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Watch Zamyia's performance.
Zamyia Felton of West Mecklenburg High School in Charlotte won the Poetry Out Loud competition Saturday with her interpretations of several poems including Nikki Giovanni's Walking Down Park. Felton, the first place winner, will be on her way to Washington for the national finals on April 27.
"Zamyia Felton radiated power and confidence in her poetry recitations," said Mimi Herman, who coordinates the competition for the N.C. Arts Council. "She has a gift for making the classic seem contemporary and the contemporary classic."
"The 26 students competing in this year's Poetry Out Loud amazed us all," Herman said. "Throughout the day, I was stunned by their understanding of the poems they chose and their ability — with brilliance and subtlety — to share that understanding with both audience and judges. We're very lucky to have such talent and dedication in North Carolina."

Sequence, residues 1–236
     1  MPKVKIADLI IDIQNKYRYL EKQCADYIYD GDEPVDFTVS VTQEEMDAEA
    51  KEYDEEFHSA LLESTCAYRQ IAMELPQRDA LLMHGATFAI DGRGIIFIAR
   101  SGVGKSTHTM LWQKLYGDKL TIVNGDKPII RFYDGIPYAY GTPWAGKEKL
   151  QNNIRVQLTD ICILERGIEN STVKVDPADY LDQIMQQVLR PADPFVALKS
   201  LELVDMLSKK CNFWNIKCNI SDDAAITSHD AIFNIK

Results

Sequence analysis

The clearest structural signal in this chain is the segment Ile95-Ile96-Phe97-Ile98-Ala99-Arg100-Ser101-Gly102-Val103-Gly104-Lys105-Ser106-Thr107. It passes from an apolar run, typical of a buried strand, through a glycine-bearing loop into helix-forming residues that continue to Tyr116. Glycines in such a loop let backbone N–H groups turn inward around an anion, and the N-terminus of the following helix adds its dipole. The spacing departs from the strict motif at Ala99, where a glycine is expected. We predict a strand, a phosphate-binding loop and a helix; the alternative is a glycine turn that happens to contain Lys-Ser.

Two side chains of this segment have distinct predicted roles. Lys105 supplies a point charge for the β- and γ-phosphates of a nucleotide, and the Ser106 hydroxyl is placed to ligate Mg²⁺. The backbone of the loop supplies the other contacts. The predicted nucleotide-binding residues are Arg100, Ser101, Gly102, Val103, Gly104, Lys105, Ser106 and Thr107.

The second place winner was Maggie Jordan of North Carolina School of Science and Mathematics in Durham.
More than 6,000 students across North Carolina participated in some level of the recitation program, funded by the National Endowment for the Arts and the Poetry Foundation.
Poetry Out Loud is a national initiative to encourage high school students to memorize and recite poetry while mastering public speaking skills and building self-confidence.
The semifinals and the final competition were held March 6 at the North Carolina Museum of History in the auditorium. Students participated from private and public schools as far away as Jackson and Swain counties in the mountains to Dare County on the coast.
Students first participate at the school level. Winners from the schools advance to the state level competition. Winners at the state level receive $200 and an all-expenses-paid trip to Washington, D.C., for the national championship. State winners' schools also receive a $500 stipend to be used for purchasing poetry books. The runners-up at the state level receive $100, with their schools receiving a $200 stipend for buying poetry books. The NEA plans to award more than $50,000 in scholarships and stipends at the national finals for winners and their schools.